Note–there are some climate deniers in the comments on the video. But it’s a pile-on, with the forces of reason clearly winning….

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Paul Krugman is Reading The Republican Brain

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krugmanNobel laureate economist and celebrated New York Times columnist Paul Krugman is one of our chief chroniclers of the extent to which the modern right has become detached from economic, scientific, and factual reality.

So it’s only fitting, I guess, that he has been reading my book The Republican Brain.

And how do I know that?

Well, he has blogged about it twice now, writing:

I’m belatedly reading Chris Mooney’s The Republican Brain: if truth be told, I was afraid the book would be too much red meat for my own predispositions, and wanted to keep my cool. But Mooney actually makes a very good point: the personality traits we associate with modern conservatism, above all a lack of openness, make the modern GOP fundamentally hostile to the very idea of objective inquiry. If they want your opinion, they’ll tell you what it is; doubters of orthodoxy need not apply, and will in fact be persecuted.

And:

Chris Mooney wins again: we’re talking about personality types who aren’t responsive to evidence. Indeed, the more often you show them that their hard-money, anti-spending prejudices have been proven wrong, the more deeply those prejudices become entrenched.

I’m thrilled to have such a distinguished reader, and I’m really glad he seems to be getting a lot out of the book.

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Five Things Obama Can Do On Climate…Without Congress

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obama-climate-changeI have a big piece up at Mother Jones today. Basically, it’s my report on what Obama can do on climate, most of it without any Republican cooperation whatsoever.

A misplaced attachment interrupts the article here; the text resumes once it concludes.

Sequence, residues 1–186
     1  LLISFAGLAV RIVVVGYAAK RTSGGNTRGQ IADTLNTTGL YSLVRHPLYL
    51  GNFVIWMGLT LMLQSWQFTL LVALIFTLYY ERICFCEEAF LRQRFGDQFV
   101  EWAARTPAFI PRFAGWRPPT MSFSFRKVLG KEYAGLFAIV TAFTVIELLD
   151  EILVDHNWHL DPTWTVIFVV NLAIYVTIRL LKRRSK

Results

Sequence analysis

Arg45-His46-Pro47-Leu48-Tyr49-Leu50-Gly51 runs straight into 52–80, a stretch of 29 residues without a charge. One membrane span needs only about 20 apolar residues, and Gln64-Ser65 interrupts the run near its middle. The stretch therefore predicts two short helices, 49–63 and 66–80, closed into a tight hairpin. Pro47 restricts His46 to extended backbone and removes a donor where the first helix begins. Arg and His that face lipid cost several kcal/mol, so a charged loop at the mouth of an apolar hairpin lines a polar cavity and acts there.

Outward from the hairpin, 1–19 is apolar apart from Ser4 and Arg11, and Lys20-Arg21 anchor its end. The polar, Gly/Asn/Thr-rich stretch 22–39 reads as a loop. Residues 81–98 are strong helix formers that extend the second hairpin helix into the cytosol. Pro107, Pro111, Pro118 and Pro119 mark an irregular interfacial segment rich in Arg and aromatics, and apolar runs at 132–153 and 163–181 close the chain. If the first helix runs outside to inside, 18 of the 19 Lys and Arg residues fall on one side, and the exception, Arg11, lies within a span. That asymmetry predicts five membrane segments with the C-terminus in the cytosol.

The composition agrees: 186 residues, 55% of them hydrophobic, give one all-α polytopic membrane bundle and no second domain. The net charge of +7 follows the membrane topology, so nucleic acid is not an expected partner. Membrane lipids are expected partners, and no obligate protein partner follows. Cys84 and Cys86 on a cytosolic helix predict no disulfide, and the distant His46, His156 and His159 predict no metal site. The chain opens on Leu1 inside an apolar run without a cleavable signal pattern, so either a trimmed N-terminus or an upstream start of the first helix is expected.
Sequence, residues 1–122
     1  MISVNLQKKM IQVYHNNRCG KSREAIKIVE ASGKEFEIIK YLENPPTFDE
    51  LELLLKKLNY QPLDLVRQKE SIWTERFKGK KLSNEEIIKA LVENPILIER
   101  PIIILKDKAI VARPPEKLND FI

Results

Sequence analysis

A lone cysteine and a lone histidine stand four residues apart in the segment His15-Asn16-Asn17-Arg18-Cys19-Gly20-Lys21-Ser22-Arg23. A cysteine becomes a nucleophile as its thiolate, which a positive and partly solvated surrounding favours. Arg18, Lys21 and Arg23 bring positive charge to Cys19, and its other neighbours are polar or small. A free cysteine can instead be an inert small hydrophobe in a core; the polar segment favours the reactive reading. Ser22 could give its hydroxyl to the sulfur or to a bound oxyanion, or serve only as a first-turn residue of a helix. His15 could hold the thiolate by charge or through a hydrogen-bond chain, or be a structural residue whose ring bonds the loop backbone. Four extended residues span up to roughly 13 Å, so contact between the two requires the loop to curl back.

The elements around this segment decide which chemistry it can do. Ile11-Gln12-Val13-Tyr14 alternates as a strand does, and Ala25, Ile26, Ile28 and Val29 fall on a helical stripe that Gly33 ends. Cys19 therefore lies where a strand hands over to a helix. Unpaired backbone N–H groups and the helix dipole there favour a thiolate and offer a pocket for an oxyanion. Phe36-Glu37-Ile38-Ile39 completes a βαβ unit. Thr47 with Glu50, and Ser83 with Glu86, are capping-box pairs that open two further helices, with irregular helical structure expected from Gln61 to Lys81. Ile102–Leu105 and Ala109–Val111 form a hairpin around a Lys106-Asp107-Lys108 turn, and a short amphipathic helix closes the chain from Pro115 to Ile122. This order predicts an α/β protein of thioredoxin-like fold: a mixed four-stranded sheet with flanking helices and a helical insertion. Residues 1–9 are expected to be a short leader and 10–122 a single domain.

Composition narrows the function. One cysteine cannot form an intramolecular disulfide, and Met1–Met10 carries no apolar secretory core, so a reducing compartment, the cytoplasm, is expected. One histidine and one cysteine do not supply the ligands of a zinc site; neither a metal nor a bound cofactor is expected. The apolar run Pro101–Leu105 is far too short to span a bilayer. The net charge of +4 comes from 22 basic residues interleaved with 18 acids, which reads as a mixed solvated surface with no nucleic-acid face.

In the course of writing it, I have to say I realized that all the chatter about a carbon tax right now is deeply misinformed, or at least incomplete.

The real climate action in the next four years is going to be at EPA. And the worst of all worlds might be if we get a carbon tax, but as part of the deal, EPA is preempted from taking the strong steps it has already launched.

That’s not a perspective you’re hearing at all right now in the commentariat. So, when Obama’s press secretary Jay Carney recently dissed carbon taxes….well, that might actually be a good thing.

Read here for more on why that’s the case.

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Jacques Berlinerblau

 

Jacques BerlinerblauMy latest hosted episode of the podcast is now up–it’s with Georgetown scholar Jacques Berlinerblau, discussing his new book How to Be Secular: A Call to Arms for Religious Freedom.

Basically, Berlinerblau believes that the Christian Right has routed secularism in the U.S.–no argument there for many atheists and freethinkers.

But where he goes further is arguing that to fix the problem, atheists and religious skeptics need to be building allegiances with moderate religious believers, ranging from Sikhs to, yes, many Catholics.

So far as I know, few if any folks in secularism are actively trying to build these bridges–because of course, the predominant emotion out there is all about denouncing religion, rather than trying to work with it.